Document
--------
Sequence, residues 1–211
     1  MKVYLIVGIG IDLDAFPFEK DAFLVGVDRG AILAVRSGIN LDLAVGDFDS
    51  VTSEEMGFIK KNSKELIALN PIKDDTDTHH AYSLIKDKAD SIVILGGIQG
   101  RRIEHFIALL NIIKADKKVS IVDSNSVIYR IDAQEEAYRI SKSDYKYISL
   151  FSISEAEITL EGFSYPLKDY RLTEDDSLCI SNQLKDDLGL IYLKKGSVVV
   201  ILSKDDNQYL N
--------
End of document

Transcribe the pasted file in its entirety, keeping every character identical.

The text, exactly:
Sequence, residues 1–211
     1  MKVYLIVGIG IDLDAFPFEK DAFLVGVDRG AILAVRSGIN LDLAVGDFDS
    51  VTSEEMGFIK KNSKELIALN PIKDDTDTHH AYSLIKDKAD SIVILGGIQG
   101  RRIEHFIALL NIIKADKKVS IVDSNSVIYR IDAQEEAYRI SKSDYKYISL
   151  FSISEAEITL EGFSYPLKDY RLTEDDSLCI SNQLKDDLGL IYLKKGSVVV
   201  ILSKDDNQYL N